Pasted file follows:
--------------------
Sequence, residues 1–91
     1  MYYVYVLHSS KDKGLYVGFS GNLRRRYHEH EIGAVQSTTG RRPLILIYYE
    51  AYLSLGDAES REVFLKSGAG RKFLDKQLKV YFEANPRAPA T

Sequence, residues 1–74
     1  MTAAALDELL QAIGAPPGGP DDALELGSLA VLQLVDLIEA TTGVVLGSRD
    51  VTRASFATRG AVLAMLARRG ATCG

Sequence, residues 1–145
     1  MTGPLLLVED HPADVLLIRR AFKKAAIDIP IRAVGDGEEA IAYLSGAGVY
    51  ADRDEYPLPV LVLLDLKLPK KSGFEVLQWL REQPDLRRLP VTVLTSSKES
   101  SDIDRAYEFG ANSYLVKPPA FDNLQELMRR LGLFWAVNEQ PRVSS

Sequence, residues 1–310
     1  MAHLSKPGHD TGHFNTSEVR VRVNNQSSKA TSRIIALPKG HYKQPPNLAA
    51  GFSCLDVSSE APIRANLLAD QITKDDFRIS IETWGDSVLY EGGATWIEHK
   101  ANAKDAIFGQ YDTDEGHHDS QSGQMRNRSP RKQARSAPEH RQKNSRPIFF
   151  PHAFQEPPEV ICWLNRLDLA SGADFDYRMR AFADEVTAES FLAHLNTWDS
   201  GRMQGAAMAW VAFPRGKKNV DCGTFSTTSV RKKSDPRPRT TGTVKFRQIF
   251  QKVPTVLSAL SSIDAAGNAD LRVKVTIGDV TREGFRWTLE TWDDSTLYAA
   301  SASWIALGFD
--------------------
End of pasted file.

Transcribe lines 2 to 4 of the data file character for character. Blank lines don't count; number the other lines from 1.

     1  MYYVYVLHSS KDKGLYVGFS GNLRRRYHEH EIGAVQSTTG RRPLILIYYE
    51  AYLSLGDAES REVFLKSGAG RKFLDKQLKV YFEANPRAPA T

Sequence, residues 1–74